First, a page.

Hydrothermal Mercury – the natural story of a contaminant

An international team of researchers, coordinated by CNRS, has established the first global estimate of hydrothermal mercury (Hg) emissions from mid ocean ridges. The UNEP Minamata Convention on Mercury aims to reduce human exposure to toxic Hg through the reduction of anthropogenic emissions. We are primarily exposed via the consumption of fish that bioaccumulate Hg from the ocean. The current paradigm is that anthropogenic Hg emissions (present-day 3,100 t y-1) have increased the global oceanic Hg reservoir by 21%. This estimate is flawed because we do not know how much natural Hg resided in the ocean before anthropogenic emissions started. We are similarly unable to quantify how anthropogenic emissions have affected fish Hg levels.

Hydrothermal venting is the only direct source of natural Hg to the ocean. Previous studies, based on vent fluid measurements alone, suggested that hydrothermal Hg inputs could range from 20 and 2,000 t y-1.

The new study used measurements of vent fluids, plume, sea water and rock cores from the Trans-Atlantic Geotraverse (TAG) hydrothermal vent at the Mid-Atlantic ridge. Samples were collected during dedicated GEOTRACES and IODP cruises. The combined observations suggest that the majority of the Hg enriched in the vent fluids is diluted into sea water and a small fraction is scavenged locally. An extrapolation of the results suggests that the global hydrothermal Hg flux from mid ocean ridges is small (1.5 – 65 t y-1) compared to anthropogenic Hg missions. While this suggests that most of the Hg present in the ocean is of anthropogenic origin, it also gives hope that the strict implementation emission reductions in the framework of the Minamata Convention will reduce fish Hg levels and human exposure.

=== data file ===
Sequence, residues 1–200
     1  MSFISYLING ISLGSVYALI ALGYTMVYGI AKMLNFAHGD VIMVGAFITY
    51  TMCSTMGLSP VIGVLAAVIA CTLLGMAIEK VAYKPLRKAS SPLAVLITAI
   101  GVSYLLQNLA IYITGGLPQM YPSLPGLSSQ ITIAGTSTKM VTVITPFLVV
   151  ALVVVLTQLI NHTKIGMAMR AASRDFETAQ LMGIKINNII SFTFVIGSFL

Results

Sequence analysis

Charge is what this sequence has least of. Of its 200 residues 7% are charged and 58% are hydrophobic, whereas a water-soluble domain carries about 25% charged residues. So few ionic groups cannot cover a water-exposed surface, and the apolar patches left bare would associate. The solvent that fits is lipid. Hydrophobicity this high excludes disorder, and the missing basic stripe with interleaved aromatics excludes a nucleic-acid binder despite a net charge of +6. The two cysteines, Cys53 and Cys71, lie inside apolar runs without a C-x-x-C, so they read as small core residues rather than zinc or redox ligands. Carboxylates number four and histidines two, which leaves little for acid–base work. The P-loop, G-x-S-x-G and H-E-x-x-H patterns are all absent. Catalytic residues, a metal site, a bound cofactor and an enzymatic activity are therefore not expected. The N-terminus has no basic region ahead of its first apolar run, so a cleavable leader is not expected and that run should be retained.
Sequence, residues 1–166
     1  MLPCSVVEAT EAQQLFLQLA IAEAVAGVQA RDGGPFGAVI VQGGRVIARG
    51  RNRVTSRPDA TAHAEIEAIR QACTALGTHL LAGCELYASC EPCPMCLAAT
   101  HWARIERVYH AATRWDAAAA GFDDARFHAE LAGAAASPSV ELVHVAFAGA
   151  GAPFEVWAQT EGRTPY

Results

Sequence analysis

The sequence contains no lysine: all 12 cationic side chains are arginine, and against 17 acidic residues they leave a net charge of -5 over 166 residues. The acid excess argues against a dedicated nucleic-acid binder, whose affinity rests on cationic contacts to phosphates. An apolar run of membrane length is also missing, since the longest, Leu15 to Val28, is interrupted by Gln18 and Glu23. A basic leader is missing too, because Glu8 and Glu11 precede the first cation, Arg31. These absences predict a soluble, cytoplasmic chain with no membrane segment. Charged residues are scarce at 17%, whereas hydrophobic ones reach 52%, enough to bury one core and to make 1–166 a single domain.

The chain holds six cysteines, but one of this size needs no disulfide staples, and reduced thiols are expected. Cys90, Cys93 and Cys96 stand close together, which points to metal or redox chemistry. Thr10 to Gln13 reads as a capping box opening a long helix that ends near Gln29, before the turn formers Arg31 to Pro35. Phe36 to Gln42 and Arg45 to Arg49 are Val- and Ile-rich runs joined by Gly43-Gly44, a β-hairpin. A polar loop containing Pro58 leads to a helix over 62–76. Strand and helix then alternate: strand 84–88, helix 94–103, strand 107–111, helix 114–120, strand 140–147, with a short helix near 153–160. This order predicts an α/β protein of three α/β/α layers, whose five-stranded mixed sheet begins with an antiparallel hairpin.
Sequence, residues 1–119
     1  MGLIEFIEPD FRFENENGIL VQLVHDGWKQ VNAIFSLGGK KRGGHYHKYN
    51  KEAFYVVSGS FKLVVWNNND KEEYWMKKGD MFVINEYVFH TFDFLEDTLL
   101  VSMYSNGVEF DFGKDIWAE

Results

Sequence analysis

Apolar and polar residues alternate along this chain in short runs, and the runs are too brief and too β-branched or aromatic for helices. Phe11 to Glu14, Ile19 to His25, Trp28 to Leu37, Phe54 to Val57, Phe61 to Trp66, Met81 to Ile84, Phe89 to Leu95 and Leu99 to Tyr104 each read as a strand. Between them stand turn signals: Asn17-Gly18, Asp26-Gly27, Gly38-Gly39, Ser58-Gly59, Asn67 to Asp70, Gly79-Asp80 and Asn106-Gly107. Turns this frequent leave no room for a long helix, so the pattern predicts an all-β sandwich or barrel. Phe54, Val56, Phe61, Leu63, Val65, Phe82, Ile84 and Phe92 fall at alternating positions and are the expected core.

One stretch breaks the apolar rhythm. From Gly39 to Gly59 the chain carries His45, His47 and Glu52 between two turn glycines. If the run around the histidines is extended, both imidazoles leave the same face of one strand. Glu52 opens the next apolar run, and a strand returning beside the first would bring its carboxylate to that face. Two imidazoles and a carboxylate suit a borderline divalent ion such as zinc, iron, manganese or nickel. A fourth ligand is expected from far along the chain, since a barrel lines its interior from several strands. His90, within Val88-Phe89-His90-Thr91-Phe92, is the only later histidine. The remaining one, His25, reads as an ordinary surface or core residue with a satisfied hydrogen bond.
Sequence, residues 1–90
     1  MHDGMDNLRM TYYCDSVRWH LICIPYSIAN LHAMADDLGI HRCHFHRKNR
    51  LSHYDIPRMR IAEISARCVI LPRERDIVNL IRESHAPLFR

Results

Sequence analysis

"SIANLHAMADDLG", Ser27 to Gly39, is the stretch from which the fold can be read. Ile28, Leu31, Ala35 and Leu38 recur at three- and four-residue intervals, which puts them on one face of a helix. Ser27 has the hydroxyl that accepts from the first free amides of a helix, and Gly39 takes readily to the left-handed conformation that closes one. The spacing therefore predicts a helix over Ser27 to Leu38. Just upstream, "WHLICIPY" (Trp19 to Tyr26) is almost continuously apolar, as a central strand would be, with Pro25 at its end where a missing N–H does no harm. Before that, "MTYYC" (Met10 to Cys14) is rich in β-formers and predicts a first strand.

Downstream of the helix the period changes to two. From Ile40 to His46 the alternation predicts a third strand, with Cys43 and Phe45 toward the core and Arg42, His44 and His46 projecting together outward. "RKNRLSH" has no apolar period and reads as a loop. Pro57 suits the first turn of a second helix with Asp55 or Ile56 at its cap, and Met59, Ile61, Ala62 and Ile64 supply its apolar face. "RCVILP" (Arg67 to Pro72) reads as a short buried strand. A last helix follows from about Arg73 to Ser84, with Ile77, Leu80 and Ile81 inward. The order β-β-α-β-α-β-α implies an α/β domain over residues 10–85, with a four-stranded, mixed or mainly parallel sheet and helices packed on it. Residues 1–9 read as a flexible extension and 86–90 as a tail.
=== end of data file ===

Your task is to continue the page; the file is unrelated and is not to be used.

Figure: The TAG hydrothermal vent. Credit: HERMINE expedition – Ifremer – HOV Nautile – 2017


Torres-Rodriguez, N., Yuan, J., Petersen, S. et al. Mercury fluxes from hydrothermal venting at mid-ocean ridges constrained by measurements. Nat. Geosci. (2023). Access the paper:  https://www.nature.com/articles/s41561-023-01341-w

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